Will other Advance newspapers face cuts like Times-Picayune, Alabama papers?

Cleveland Scene | New York Post
Advance Publications’ decision to cut staff and reduce printing to three days a week at its papers in New Orleans and Alabama has worried journalists at its other newspapers. Cleveland Scene’s Kyle Swenson reported that The Plain Dealer Managing Editor Thom Fladung tried to “ease anxiety” last week:

The message from the top is that the paper will not be cutting its days and that business would continue as usual. The PD business model is different from the Times-Picayune, the line went. Our sources says everyone assumes there’s a unsaid ellipses hanging off the assurances: for now.

The New York Post’s Keith J. Kelly reported on similar fears at Advance’s newspapers in New York and New Jersey.

So are these fears justified? On the one hand, it took the company more than two years to expand the limited printing, Web-first approach from Ann Arbor to other papers in Michigan. However, those cutbacks at the Michigan papers went into effect just a few months before last week’s news in New Orleans and Alabama. Perhaps the company is speeding up the transformation.

Geography is another factor. The Times-Picayune and the Alabama papers are all close to each other (relatively speaking; it’s a seven-hour drive from Huntsville to New Orleans). Behind the group of papers in Michigan, the next-largest cluster of Advance papers is in New Jersey, where it has 12 papers.

Like at other Advance properties, the New Jersey papers’ online presence is bundled on one site, NJ.com, which has not yet been redesigned to look like al.com, NOLA.com and MLive.com. Advance is the last major newspaper company in the U.S. to keep its online business separate from its newspapers, according to Ken Doctor, but as part of the changes in New Orleans, Alabama and Michigan, the company is placing the newspapers and their corresponding websites under the same roof.

David Carr pointed out in a video on nytimes.com that the shifts away from daily printing and delivery have occurred in places that have fallen on hard times: Gannett and MediaNews’ two newspapers in Detroit, Advance’s Michigan papers and The Times-Picayune.

The unemployment rate in Cleveland is much lower than in Detroit, but still higher than the national average. Unemployment rates in Newark (The Star-Ledger), Trenton, (The Times) and Jersey City (The Jersey Journal) are all significantly higher than the national average — Newark’s unemployment rate was 14.5 percent in March.

So if geography and the local economy are factors, perhaps New Jersey will face similar cutbacks. But other factors may be in play, such as the seniority of leadership at those papers and their proximity to headquarters. Another factor that could slow the rate of change: The Star-Ledger and The Jersey Journal are unionized, as is The Plain Dealer.

That may protect the journalists in Cleveland, at least for now. The company has a no-layoff pledge that goes through January 2013, said Harlan Spector, chairman of the newspaper’s unit of the Newspaper Guild. That agreement was struck in 2009, in exchange for a 12 percent pay cut, after about 50 newsroom positions were eliminated through buyouts and layoffs in 2008.

If the company doesn’t renew the agreement past 2013 and starts layoffs, Spector said, the pay for remaining employees will return to their previous level.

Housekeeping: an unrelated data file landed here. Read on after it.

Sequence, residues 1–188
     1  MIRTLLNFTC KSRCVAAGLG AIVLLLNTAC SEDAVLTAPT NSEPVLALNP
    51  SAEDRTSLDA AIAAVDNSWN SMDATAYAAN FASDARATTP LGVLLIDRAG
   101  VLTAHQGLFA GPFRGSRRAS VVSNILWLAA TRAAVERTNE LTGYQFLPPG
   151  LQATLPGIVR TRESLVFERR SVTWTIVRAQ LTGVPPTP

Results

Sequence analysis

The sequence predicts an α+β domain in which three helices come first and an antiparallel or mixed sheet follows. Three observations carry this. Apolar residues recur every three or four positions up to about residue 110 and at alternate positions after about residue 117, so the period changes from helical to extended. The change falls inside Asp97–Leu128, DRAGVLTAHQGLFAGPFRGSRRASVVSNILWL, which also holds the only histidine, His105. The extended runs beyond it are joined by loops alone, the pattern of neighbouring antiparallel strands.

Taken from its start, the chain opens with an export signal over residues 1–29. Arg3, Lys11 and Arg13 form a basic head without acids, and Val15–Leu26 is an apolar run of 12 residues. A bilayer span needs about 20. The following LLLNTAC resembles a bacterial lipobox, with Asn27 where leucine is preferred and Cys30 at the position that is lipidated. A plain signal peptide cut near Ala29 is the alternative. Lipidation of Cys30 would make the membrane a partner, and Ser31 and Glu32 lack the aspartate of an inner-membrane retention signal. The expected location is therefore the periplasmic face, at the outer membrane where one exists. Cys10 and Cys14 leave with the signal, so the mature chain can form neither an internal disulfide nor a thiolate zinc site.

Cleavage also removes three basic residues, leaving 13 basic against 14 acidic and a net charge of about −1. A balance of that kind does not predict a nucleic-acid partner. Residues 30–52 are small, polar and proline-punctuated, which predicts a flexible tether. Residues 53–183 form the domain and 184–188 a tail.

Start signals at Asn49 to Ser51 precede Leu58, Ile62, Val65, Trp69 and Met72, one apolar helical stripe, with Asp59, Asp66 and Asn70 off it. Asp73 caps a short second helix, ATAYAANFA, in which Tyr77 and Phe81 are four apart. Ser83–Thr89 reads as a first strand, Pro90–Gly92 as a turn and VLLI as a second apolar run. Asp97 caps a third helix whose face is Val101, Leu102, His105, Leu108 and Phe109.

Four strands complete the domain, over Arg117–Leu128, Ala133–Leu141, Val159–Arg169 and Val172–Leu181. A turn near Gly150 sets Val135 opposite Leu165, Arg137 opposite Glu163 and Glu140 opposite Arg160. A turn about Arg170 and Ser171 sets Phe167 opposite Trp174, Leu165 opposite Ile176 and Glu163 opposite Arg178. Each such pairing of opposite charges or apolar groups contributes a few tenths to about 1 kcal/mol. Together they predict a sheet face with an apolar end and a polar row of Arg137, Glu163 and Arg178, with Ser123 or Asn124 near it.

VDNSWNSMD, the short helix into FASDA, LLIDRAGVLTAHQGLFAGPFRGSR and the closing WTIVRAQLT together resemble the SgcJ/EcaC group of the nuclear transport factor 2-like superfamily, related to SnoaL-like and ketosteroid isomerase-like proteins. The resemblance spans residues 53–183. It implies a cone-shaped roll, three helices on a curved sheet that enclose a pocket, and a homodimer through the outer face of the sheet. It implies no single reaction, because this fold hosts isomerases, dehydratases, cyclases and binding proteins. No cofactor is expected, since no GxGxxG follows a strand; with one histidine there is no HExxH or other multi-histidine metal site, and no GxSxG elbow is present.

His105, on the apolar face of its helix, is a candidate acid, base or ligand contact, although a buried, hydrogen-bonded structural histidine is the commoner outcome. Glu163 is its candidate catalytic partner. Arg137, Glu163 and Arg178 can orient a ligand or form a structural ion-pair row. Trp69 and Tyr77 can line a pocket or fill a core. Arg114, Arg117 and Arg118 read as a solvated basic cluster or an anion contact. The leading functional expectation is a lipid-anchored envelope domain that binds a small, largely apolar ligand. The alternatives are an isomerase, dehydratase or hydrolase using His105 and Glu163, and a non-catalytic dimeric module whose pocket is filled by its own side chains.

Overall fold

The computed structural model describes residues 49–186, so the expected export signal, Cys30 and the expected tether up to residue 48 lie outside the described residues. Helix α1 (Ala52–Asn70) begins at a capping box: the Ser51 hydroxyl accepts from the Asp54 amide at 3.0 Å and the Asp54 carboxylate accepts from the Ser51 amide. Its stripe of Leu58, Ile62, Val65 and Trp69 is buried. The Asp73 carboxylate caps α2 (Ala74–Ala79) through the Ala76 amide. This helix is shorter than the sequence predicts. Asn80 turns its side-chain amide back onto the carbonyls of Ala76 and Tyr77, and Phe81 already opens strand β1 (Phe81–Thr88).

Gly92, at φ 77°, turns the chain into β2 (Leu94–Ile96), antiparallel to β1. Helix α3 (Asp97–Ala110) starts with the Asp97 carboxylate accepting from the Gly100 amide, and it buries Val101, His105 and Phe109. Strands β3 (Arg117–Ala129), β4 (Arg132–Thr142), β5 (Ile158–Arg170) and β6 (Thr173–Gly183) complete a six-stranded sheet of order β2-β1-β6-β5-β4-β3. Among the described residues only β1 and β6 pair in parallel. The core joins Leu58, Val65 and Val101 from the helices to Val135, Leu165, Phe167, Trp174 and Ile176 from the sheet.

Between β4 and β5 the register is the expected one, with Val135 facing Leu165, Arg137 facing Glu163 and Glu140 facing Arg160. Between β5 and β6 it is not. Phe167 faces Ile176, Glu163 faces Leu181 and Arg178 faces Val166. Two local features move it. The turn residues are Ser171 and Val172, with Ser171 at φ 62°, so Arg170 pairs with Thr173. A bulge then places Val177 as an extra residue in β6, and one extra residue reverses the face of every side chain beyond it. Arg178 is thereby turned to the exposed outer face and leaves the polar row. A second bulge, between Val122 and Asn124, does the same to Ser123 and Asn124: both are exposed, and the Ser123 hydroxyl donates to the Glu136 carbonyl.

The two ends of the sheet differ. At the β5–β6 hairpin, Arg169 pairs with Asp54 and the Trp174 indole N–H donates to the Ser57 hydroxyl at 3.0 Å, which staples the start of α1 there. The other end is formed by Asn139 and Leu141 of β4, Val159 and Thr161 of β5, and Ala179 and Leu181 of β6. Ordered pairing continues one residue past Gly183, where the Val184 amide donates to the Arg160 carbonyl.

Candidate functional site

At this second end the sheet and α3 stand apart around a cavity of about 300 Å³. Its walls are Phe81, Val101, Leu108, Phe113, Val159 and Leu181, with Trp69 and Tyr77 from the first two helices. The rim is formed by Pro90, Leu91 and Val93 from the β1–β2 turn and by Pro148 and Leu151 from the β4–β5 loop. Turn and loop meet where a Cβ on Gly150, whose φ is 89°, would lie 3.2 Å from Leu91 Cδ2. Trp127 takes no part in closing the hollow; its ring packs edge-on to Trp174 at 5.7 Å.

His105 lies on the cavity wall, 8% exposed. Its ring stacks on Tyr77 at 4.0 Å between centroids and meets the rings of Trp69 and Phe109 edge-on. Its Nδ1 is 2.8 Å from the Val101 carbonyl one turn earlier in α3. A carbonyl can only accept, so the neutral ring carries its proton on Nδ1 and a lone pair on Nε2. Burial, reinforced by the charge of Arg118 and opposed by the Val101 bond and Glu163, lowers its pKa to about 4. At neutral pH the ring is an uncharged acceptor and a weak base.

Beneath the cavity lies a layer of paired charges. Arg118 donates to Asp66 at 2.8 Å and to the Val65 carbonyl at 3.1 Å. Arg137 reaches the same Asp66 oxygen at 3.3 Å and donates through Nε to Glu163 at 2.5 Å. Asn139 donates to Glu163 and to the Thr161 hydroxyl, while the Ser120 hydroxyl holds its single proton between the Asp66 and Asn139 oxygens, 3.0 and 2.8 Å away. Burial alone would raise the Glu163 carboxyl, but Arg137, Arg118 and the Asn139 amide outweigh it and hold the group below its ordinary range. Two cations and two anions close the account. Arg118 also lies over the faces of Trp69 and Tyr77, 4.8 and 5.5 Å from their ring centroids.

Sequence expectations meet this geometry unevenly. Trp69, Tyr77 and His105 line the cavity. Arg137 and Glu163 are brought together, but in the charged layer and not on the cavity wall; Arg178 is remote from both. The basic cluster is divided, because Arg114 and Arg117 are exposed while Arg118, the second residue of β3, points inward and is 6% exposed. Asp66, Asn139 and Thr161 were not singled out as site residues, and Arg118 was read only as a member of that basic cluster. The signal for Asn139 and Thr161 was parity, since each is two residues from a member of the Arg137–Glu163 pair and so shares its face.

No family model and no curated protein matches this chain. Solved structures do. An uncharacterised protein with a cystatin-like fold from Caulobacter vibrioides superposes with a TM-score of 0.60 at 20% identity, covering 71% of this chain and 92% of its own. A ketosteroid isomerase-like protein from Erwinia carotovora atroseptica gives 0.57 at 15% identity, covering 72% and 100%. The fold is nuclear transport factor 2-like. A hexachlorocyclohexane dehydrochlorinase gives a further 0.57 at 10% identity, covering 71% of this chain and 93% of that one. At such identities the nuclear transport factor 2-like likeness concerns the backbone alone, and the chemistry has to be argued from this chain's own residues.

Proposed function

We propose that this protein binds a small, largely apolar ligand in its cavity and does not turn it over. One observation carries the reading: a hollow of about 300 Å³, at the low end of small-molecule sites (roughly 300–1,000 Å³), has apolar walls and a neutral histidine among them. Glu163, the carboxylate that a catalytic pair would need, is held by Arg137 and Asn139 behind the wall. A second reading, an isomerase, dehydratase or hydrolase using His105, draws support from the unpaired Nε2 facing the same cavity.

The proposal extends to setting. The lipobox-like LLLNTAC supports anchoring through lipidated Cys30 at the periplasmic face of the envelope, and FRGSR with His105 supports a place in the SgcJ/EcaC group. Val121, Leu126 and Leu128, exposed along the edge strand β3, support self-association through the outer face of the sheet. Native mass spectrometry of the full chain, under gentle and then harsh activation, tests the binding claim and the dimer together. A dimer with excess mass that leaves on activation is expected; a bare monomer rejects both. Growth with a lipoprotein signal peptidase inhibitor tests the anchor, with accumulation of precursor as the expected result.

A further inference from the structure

The union also has an agreement with the company that says “members of the Newspaper Guild are the primary content providers for Cleveland.com,” Spector said.

“These are difficult circumstances for everyone, certainly the people in New Orleans and Alabama – we feel for them,” he said. “We are thankful to have some contractual protections. But no one’s naïve enough to think that we’re going to be spared for eternity the ravages, the things that have happened to other people. We all see what’s going on.”

Related: New Orleans Saints owner Tom Benson asks Advance to reconsider the decision to curtail printing (WWLTV.com) | Times-Picayune employees could learn next week if they’ll be part of NOLA Media Group (Poynter) | NOLA.com drops yellow background on site after users complain: “My insurance allows only four migraine pills per month, and I can’t afford to continue to look at this page.” (NOLA.com)

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  • http://www.facebook.com/profile.php?id=839063703 Jeff Amy

    Yes, population shrank in metro New Orleans by about 150,000 after Katrina and there has long been some concentrated poverty. But unemployment rates have stayed lower than the nation and income levels are actually close to the national average. Once you accept the new, lower population base as permanent, the economy isn’t that bad.

    I’d look to union contracts and competitive situations for the answers why Newhouse hasn’t done the same in New Jersey, Cleveland and Portland. As for Springfield, Syracuse and Harrisburg, I’m not sure of the answers.

  • Anonymous

     Also a little misleading re: Jersey unemployment rates. Newark is surrounded by well-to-do suburbs where the Ledger has its circulation base.

  • http://www.poynter.org Poynter

    Perhaps I could have made this clearer, @twitter-29620091:disqus , but the reason I compared unemployment rates to Detroit is that the papers there cut back on home delivery except for a few days a week, and Carr cited the town when he was talking about The Times-Picayune.

    Steve Myers
    Poynter.org

  • http://twitter.com/EditorMark Mark Allen

    It probably doesn’t make sense to compare unemployment in Cleveland with that in Detroit. Advance has no newspapers in the Detroit area. Grand Rapids, home to the flagship Grand Rapids Press, has an unemployment rate similar to that of Cleveland.